Theocritus’ Cyclops is a far cry from the Homeric cannibal. He comes across as a sensitive, awkward young man, deeply insecure but trying valiantly to compensate. This picture was clearly irresistable to the Roman poet Ovid, writing two hundred years after Theocritus. Ovid’s Cyclops (introduced in Metamorphoses 13.750 onward) bares a close resemblance to the self-promoting, but ultimately hapless lover of the poet’s earlier Amores. Falling for Galatea, the giant attempts to tidy up his appearance, coming his hair with a rake and trimming his beard with scythes (764-766). Lashing 100 reeds together to form panpipes (784), Ovid’ Cyclops, like Theocritus’ proceeds to serenade his beloved.
Unlike Theocritus’ Cyclops, but like the hapless narrator of Ovid’s Amores, this Cyclops has a rival. Galatea loves the shepherd-boy Acis–indeed, it is while lying in his arms that she listens to the Cyclops’ hearfelt song (787-788). Spotting the lovers together, the Cyclops loses control. His attempts at urbanity forgotten, he seizes a huge rock (as his Odyssean original did) and crushes Acis under its weight (881-884). The distraught Galatea uses her sea-nymph’s magic to transform her beloved into a stream, which flows down the mountain to mingle with the sea-water in which she lives (885-898).
The influence of Ovid on Western literature has made his the canonical version of the story. It has inspired numerous paintings (pretty much every picture in this article is based on his poem) and was, in the early 18th century made into an opera with music by Handel and words by many of the best writers of the time, John Dryden and John Gay among them. It’s a beautiful work, by the way, the highlight of which is definitely the Cyclops’ song to Galatea (performed by Bryn Terfel here:
Indeed, in any decent production Polyphemus will utterly steal the show from the title characters.
Ovid’s version is not my favourite telling of this myth, however. Galatea, who narrates it, comes of as patronizing and disdainful. The horrific act of violence at the end shatters all the sympathy that the Cyclops’ beautiful song has built up. Yes, I know there are deliberate literary devices. But I don’t like it. Theocritus has made me like Polyphemus, and I don’t want Ovid to come and ruin that.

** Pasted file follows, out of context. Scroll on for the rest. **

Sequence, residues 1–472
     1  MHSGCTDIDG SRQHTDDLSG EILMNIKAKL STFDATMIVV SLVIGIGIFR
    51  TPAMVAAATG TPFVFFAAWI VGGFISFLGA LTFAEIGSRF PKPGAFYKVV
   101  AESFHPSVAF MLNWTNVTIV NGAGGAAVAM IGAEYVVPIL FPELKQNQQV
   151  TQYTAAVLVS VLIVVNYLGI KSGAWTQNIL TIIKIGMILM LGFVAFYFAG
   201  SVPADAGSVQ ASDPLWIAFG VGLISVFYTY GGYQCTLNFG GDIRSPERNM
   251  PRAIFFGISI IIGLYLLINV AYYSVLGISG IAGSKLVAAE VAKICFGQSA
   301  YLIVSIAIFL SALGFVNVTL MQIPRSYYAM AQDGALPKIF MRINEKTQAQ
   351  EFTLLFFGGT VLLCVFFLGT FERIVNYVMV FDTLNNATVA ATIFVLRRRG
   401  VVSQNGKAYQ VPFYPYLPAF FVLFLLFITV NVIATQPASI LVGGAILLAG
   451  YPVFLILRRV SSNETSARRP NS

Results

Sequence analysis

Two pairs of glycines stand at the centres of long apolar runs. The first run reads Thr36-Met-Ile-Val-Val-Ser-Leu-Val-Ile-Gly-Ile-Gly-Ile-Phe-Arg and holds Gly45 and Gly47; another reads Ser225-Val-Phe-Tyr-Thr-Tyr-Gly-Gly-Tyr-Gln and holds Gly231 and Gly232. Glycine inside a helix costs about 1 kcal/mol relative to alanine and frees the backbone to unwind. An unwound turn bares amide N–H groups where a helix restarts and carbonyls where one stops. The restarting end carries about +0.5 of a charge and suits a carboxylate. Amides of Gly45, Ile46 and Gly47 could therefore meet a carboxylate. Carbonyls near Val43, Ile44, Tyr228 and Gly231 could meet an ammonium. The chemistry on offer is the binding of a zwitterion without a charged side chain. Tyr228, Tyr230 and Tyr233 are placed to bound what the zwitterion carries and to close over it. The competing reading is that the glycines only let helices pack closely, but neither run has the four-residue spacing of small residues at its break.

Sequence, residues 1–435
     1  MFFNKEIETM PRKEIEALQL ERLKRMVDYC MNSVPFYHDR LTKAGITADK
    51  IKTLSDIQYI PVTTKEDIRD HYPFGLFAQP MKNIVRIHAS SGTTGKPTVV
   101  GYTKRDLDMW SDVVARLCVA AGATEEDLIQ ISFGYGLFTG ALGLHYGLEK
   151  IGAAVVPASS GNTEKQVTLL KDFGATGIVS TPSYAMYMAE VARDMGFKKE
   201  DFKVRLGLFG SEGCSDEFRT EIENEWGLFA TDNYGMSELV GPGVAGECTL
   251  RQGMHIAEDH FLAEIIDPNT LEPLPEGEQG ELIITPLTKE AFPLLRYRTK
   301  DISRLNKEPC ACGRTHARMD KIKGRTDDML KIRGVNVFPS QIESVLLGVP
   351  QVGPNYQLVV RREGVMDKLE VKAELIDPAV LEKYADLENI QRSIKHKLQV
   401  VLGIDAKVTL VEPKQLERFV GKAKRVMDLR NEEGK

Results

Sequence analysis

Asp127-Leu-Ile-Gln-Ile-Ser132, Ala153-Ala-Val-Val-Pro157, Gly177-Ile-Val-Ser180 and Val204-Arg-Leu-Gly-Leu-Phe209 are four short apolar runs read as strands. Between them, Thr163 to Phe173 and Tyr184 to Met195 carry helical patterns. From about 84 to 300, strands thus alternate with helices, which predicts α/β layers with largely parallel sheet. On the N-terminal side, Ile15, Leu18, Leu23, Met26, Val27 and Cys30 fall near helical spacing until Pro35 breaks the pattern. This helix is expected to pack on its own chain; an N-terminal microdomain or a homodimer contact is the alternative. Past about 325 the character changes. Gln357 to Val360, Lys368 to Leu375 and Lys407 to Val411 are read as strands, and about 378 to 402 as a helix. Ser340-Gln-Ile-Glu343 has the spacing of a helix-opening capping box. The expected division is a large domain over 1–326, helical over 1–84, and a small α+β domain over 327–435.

In point of fact, Theocritus’ version doesn’t even get my full approval. That is reserved for a much less-known, but utterly delightful dialogue by the third-century AD prose stylist Lucian. The first of a series of Ἐνάλιοι Διαλόγοι –“Conversations in the Sea”–this dialogue shows not a disdainful Galatea, but one who has succumbed to her one-eyed lover’s charms. Galatea hotly defends Polyphemus from the sneers of her fellow sea-nymph Doris. The Cyclops’ shagginess and lack of refinement make him not ugly, as Doris thinks, but masculine; his single eye looks no worse on him than two do on others; and, to top it all off, he’s musical!
Galatea completes her defense of the Cyclops with an artful jab at the single Doris:
“Well, Doris, why don’t you show us your boyfriend who’s so much handsomer and a better singer and knows how to play the lyre so much better!” Burn. But Doris remains unbowed. She’d rather have no boyfriend, she says, than one who smells like a goat and eats his meat raw.
There’s something inexpressibly charming about Lucian’s dialogue. After four hundred years of getting the cold shoulder, it’s a pleasant change to see him defended by a Galatea who’s clearly crazy about him. Nor are Lucian and I alone in a sentimental desire to see an earnest, if awkward Cyclops get the girl. Though his is the only extant work uniting the two, we know that others existed. The Greco-Roman historian Appian reports a legend that the Gauls (Galatai, in Greek) were the descendants of Polyphemus and Galatea (Illyrica 3.3). A Roman wall-painting from Pompeii (House of the Colored Capitals (VII, 4, 48), room 15, south wall) shows the nymph and the Cyclops in a passionate embrace. Polyphemus’ pipes rest nearby–this time, his music has done the trick.